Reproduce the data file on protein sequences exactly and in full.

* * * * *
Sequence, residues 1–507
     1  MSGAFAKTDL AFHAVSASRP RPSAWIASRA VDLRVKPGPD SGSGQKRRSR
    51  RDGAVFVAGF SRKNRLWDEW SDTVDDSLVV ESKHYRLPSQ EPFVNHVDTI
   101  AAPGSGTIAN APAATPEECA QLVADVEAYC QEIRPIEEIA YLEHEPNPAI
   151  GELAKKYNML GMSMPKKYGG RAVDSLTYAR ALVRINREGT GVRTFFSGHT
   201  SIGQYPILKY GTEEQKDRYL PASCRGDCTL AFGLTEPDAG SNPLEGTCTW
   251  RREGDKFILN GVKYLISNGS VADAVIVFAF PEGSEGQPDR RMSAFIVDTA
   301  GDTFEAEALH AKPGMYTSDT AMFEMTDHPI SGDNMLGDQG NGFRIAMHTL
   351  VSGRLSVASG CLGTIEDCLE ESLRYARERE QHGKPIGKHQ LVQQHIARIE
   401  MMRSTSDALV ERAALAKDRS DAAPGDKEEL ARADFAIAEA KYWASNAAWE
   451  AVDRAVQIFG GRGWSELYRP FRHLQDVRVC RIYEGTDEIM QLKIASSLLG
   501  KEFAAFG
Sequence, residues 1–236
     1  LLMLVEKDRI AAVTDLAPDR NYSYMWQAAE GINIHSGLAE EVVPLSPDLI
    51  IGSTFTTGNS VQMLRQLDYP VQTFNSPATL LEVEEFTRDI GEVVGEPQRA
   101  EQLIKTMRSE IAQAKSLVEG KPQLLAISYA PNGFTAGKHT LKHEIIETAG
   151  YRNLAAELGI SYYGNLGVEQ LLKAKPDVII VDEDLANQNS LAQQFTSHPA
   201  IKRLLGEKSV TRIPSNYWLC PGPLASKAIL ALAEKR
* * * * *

Sequence, residues 1–507
     1  MSGAFAKTDL AFHAVSASRP RPSAWIASRA VDLRVKPGPD SGSGQKRRSR
    51  RDGAVFVAGF SRKNRLWDEW SDTVDDSLVV ESKHYRLPSQ EPFVNHVDTI
   101  AAPGSGTIAN APAATPEECA QLVADVEAYC QEIRPIEEIA YLEHEPNPAI
   151  GELAKKYNML GMSMPKKYGG RAVDSLTYAR ALVRINREGT GVRTFFSGHT
   201  SIGQYPILKY GTEEQKDRYL PASCRGDCTL AFGLTEPDAG SNPLEGTCTW
   251  RREGDKFILN GVKYLISNGS VADAVIVFAF PEGSEGQPDR RMSAFIVDTA
   301  GDTFEAEALH AKPGMYTSDT AMFEMTDHPI SGDNMLGDQG NGFRIAMHTL
   351  VSGRLSVASG CLGTIEDCLE ESLRYARERE QHGKPIGKHQ LVQQHIARIE
   401  MMRSTSDALV ERAALAKDRS DAAPGDKEEL ARADFAIAEA KYWASNAAWE
   451  AVDRAVQIFG GRGWSELYRP FRHLQDVRVC RIYEGTDEIM QLKIASSLLG
   501  KEFAAFG
Sequence, residues 1–236
     1  LLMLVEKDRI AAVTDLAPDR NYSYMWQAAE GINIHSGLAE EVVPLSPDLI
    51  IGSTFTTGNS VQMLRQLDYP VQTFNSPATL LEVEEFTRDI GEVVGEPQRA
   101  EQLIKTMRSE IAQAKSLVEG KPQLLAISYA PNGFTAGKHT LKHEIIETAG
   151  YRNLAAELGI SYYGNLGVEQ LLKAKPDVII VDEDLANQNS LAQQFTSHPA
   201  IKRLLGEKSV TRIPSNYWLC PGPLASKAIL ALAEKR